Bishop Edward Wetenhall, 1636-1713, unknown to many, was held in such high esteem that he was buried in the south transept of Westminster Abbey. The inscription reads: “Here lie buried the remains of the Right Reverend Father in Christ Edward Wetenhall D.D. Bishop first of Cork for 20 years, then of Kilmore and Ardagh for 14 years in the Kingdom of Ireland. He died 12 November, year of our Lord 1713 in the 78th year of his age.” Wetenhall (or Wettenhall) was born at Lichfield in Staffordshire on 7th October 1636 and educated at Westminster School and Trinity College Cambridge. After brief preferments at Exeter and Dublin he was consecrated bishop of Cork and Ross in 1679. In 1699 he was translated to the diocese of Kilmore. He was married twice.
In 1688 he authored a book designed to address Rome’s objections against our English Bible, the Authorized Version, of which the following is an excerpt. As you read, note Wetenhall’s commitment to Scripture being by inspiration from God, that Scripture was providentially preserved, his eschatological focus on the saints’ final accountability to God, the privilege of possessing the Scripture and to hold the Scripture’s honorably and with humility, the importance of learning the core of theology early in life and of being able to read.
“Now, to put a due conclusion to this discourse, there are some Christian Practices which the scope of it does naturally recommend and some advices which it may occasion.
And first, let the reflection on what has been discoursed touching the certainty of Holy Scriptures and their Authentic Verity raise in our hearts a due Esteem and Cordial Reverence of them as not being from Man nor merely by man, but given by inspiration of God, and in a peculiar and marvelous manner, preserved and transmitted by his special Providence from age to age, through multitudes of hands down to us, who live probably near the end of time. It was once the great privilege of the Jews that to them were committed the Oracles of God: that privilege is now common to us, with them. Though perhaps therefore we may not keep those Oracles with so superstitious a care and curiosity as they did yet let us both keep and treat them as cordial adherence, and as awful esteem. But especially let us take care that we use not passages out of them in our ordinary discourse flightingly in jest and drollery to create laughter to ourselves and others. Holy things should not be played with, and we are to remember that if we do play with them, we teach people to think we do not believe them to be Holy.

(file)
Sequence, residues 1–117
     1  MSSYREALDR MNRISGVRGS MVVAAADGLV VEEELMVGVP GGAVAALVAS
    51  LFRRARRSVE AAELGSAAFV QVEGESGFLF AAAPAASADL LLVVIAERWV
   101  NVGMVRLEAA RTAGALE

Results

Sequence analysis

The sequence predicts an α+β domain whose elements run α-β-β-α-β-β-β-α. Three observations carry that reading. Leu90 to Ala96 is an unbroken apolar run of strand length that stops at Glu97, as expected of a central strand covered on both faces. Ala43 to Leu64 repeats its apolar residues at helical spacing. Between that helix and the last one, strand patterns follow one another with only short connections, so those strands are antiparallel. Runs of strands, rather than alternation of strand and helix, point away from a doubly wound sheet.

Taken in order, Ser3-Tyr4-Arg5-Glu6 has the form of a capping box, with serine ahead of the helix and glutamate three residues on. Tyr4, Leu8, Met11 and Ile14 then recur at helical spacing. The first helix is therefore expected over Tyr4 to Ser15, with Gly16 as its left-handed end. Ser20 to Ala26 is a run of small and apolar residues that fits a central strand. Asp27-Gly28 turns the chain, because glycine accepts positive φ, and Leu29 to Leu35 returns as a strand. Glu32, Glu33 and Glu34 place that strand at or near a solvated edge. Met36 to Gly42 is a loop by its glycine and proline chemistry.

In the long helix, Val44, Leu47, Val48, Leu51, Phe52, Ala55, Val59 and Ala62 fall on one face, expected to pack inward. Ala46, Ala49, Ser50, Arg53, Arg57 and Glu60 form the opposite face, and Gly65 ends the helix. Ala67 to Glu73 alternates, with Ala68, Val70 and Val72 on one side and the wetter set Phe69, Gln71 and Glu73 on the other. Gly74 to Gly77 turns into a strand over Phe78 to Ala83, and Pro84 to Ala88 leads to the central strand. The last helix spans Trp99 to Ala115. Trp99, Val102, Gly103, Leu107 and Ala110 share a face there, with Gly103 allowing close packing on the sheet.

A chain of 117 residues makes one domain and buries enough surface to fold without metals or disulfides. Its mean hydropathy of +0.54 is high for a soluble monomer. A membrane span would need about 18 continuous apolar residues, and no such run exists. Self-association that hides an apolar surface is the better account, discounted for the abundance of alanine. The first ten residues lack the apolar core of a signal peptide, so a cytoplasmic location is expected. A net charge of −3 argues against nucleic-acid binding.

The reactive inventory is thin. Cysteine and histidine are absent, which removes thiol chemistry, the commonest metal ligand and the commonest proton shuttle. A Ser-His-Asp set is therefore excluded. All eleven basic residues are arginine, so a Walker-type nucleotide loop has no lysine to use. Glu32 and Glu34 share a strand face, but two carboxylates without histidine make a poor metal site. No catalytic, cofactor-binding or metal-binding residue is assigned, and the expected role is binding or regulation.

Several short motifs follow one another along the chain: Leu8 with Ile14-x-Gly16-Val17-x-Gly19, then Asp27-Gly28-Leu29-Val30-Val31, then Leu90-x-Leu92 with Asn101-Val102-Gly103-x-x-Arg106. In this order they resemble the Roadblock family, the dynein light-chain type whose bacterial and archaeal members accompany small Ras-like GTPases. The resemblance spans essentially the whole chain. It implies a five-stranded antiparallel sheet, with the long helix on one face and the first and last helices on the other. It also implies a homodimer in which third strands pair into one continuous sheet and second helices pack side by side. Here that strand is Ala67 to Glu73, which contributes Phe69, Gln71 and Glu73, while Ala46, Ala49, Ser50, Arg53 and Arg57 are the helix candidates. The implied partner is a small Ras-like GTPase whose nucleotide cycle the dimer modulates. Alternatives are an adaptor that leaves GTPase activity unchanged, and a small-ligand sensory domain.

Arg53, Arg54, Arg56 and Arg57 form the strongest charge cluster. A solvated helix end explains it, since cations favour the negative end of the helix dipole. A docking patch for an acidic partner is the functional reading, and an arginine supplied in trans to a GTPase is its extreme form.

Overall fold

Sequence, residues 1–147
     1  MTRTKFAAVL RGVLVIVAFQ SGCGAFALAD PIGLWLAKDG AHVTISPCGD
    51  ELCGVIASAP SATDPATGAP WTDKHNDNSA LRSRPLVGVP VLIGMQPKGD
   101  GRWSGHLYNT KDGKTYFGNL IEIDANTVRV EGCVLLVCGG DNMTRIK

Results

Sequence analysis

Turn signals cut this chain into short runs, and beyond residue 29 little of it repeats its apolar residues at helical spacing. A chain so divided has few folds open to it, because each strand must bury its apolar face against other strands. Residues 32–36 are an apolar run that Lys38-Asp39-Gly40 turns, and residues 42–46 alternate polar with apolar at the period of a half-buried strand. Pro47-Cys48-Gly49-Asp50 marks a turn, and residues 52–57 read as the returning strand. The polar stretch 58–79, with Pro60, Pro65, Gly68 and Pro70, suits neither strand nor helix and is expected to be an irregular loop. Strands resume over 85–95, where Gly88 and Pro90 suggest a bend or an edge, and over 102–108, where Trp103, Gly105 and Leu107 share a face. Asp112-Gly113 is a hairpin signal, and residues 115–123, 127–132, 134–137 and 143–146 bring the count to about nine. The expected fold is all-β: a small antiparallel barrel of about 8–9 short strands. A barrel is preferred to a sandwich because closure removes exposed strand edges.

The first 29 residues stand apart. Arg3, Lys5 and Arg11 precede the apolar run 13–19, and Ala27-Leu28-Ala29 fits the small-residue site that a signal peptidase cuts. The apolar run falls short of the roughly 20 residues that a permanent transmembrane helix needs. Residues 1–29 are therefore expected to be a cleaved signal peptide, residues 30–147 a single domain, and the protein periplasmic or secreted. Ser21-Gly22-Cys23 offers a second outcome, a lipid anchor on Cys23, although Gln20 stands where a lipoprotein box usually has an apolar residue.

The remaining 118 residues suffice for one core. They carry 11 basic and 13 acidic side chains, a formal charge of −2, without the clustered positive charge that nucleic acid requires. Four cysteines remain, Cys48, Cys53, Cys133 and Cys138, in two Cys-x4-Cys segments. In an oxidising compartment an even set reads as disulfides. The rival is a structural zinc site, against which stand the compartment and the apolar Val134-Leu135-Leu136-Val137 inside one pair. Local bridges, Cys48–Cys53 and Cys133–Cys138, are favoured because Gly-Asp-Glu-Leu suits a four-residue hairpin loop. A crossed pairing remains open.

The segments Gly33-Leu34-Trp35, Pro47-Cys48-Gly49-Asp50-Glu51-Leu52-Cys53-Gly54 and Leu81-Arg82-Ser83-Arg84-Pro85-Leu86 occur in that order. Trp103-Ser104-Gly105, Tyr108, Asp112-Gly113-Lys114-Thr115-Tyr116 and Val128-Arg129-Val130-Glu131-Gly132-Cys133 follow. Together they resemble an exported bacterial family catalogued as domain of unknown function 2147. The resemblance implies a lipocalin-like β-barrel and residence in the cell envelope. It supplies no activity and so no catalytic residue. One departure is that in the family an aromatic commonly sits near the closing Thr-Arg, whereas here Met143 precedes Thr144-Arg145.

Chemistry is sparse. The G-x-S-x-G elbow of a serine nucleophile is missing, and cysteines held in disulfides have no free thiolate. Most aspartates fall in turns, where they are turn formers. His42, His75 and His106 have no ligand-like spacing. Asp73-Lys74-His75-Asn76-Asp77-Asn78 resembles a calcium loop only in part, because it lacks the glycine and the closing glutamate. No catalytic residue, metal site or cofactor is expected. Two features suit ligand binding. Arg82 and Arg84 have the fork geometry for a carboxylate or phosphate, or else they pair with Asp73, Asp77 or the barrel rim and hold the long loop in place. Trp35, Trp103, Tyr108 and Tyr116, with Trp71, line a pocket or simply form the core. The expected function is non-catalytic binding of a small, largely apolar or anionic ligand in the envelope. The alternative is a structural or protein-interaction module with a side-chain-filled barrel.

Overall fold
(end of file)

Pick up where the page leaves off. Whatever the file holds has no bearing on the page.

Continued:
Secondly, let not a Prize be put into our hands, and we such fools as not to have hearts to use it. Have we the Word of Prophecy, surer than other miraculous revelation? Have we the Gospel of Truth too both mutually confirming and confirmed by one another and shall be so idle and gross as to be any of us in a manner uncapable of using either? Why should there be a person in a Christian Church or Nation to whom the Holy Scripture should be a Book sealed, who should know no more by the Book open and laid before him than if fast closed up. I mean who should not be able to read the glad tidings and terms of his Salvation? Good people, deny not yourselves that, which an excellent person has most justly styled, the CHRISTIAHS BIRTHRIGHT, the use of the Holy Scriptures. Take care and endeavor that both you and yours be able to read. And being so, whatever Book you read not through or rarely look into, let not the Bible be that neglected one. Rather account such a day lost in which you have not attentively and considerately read some part thereof.
Thirdly, remember him who said, Hold fast till I come, that no man take thy crown. He sists at the right hand of his Father, ready to give it, and will in good time come and give it us if we fainty not.
And lastly, as most excellent means to insure to ourselves a right use of Scripture and to preserve us from misinterpreting or misapplying them, let us be careful of the two following particulars.